Angry Lismore residents threw debris from their flooded homes outside Prime Minister Scott Morrison’s Sydney home to call for climate action.
- New South Wales residents who lost their homes in the floods protested outside Kirribilli House.
- They brought back debris from their houses destroyed by the floods
- An investigation into the floods and what happened after will be undertaken
In the hard-hit region of northern New South Wales, it is estimated that more than 3,000 homes in the local government area of Lismore have been assessed as “uninhabitable”.
At the height of the crisis, many residents waited for hours on the roofs, for lack of personnel and emergency equipment.
Protesters brought in pieces of their homes, toys and other belongings, which were destroyed by the deluge that devastated the Northern Rivers region.
They were holding signs such as: “Morrison, your mega climate flood has destroyed our homes”, “Lismore now, what next? and “Your climate inaction killed my neighbor.”
Lismore resident Kate Stroud said she wanted Mr Morrison to ‘understand the level of loss our community has suffered’.
“Imagine heaps 50 times that size outside every house.”
Lismore resident Melveena Martin said people were angry. Mr Morrison did not organize a public appearance where residents could share their stories.
The Prime Minister, who was in Queensland when the protest took place, traveled to Lismore after the floods but kept to a schedule of private appearances.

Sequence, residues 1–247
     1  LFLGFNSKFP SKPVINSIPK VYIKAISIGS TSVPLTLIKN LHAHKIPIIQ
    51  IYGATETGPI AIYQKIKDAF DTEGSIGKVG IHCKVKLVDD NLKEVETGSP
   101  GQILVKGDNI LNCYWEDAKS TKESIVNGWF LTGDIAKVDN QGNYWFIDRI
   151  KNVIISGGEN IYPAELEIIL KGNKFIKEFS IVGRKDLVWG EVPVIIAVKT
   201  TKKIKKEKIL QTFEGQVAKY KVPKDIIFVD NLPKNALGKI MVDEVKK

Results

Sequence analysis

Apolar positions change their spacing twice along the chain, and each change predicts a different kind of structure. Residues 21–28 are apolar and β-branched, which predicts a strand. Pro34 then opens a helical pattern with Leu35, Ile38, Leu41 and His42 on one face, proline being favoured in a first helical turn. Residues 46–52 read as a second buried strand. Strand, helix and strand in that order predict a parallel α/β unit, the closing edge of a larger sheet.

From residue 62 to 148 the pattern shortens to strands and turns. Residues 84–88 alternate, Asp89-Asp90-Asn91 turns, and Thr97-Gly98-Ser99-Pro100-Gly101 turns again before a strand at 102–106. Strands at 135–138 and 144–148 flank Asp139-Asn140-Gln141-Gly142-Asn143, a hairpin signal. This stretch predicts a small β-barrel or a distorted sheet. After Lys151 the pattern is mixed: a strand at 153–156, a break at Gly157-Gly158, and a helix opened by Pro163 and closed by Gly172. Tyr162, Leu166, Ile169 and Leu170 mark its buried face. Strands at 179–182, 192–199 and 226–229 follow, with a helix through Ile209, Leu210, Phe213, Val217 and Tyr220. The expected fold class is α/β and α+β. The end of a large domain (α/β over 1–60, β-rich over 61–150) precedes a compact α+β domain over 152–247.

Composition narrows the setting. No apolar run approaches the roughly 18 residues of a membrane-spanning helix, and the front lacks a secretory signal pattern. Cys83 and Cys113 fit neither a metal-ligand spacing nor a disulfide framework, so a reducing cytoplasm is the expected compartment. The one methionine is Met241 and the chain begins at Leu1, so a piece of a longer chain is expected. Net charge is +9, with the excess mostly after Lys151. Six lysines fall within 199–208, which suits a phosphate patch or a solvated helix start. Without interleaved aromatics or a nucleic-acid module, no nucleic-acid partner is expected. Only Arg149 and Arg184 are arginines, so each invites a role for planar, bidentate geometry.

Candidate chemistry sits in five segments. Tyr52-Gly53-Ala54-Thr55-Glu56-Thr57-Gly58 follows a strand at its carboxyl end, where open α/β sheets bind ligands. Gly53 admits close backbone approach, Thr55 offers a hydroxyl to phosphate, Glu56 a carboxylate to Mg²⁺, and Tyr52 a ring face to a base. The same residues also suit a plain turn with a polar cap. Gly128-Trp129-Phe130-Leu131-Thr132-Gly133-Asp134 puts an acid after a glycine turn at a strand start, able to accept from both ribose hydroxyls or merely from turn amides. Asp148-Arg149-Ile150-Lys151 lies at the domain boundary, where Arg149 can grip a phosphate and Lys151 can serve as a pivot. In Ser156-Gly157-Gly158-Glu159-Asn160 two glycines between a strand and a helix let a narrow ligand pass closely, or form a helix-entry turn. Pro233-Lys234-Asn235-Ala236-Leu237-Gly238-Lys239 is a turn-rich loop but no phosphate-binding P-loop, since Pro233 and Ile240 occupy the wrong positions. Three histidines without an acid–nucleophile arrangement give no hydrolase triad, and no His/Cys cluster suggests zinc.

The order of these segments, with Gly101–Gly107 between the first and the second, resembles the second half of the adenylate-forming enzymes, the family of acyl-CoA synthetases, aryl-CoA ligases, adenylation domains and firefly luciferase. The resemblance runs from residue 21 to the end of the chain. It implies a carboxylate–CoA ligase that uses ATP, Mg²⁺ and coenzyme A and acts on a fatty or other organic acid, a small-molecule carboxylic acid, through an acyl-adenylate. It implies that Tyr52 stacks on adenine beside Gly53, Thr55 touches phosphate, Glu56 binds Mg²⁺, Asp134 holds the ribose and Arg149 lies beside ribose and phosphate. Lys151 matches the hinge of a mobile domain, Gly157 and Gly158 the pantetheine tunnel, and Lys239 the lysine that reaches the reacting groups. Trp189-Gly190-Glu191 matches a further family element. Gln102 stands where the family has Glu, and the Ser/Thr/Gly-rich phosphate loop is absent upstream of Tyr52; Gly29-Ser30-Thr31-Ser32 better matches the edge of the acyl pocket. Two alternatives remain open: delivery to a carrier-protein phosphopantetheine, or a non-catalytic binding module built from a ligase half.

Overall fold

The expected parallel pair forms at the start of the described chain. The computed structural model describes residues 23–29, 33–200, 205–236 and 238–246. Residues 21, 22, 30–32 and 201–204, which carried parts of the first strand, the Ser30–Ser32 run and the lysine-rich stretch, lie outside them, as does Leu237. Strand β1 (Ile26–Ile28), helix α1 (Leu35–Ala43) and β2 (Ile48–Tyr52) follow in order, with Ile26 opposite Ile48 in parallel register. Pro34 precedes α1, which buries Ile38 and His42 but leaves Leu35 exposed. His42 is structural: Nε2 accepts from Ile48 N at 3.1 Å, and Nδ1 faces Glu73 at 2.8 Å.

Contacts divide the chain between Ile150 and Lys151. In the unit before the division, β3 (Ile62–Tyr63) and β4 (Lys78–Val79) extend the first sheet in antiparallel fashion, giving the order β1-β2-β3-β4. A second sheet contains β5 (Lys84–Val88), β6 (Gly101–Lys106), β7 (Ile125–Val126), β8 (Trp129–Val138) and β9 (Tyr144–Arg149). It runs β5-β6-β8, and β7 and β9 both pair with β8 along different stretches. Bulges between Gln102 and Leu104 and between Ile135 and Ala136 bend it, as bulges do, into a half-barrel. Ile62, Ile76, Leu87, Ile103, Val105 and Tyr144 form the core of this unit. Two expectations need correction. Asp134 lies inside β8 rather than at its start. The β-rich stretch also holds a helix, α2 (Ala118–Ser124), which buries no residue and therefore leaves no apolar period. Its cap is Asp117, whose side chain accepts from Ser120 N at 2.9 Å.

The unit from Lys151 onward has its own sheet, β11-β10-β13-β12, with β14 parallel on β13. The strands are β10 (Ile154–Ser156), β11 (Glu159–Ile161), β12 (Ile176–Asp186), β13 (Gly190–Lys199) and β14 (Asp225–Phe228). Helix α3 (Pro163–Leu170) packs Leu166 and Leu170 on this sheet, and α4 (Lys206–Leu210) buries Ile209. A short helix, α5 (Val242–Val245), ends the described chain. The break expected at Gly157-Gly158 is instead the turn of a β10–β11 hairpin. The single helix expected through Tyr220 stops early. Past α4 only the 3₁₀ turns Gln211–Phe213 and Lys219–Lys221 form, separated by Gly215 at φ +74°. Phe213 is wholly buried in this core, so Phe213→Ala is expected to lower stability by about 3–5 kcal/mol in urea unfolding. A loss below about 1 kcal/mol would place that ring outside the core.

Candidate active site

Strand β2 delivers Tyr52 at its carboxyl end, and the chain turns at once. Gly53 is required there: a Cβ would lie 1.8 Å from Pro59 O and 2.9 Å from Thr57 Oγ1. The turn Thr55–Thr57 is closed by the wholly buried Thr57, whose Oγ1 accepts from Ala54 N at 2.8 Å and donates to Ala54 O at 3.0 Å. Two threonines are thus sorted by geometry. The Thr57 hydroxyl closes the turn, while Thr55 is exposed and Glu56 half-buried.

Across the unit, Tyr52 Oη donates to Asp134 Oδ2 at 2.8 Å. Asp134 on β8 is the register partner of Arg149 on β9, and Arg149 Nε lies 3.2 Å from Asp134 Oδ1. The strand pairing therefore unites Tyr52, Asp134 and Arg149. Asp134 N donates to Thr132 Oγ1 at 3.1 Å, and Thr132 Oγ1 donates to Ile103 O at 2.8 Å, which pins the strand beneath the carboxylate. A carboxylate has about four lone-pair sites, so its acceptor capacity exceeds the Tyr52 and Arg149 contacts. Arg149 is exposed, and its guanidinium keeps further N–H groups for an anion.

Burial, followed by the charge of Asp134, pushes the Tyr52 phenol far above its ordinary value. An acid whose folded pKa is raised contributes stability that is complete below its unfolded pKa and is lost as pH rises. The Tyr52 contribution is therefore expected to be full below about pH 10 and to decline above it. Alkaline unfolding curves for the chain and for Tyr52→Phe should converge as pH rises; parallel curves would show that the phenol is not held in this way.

“To think that our prime minister came to our town and didn’t even speak to us and hid from us is absolutely deplorable,” Ms Martin said.
Another resident, Koudra Falla, said: “I had to swim under my house at 3 a.m. in choppy rapids because we could hear our neighbors calling for help.
Protesters dragged damaged furniture and artwork from a truck, throwing it outside the gates of Kirribilli House.
NSW Acting Premier Paul Toole said people were “free to go and protest”.
“We are in a democratic society and people are free to go and protest, but what people are concerned about here in the northern rivers is having a roof over your head,” he said. -he declares.
“Now is not the time for politics, this is not the time to run your platform, this is about making sure we help these communities rebuild.”
The demonstration followed the announcement of a independent investigation in the flood disaster which will examine what happened next and analyze the government’s response.
Retired Police Commissioner Mick Fuller and Independent Planning Commission Chair Mary O’Kane will lead the three-month independent investigation.
“We need a better response in the future,” Mr Toole said.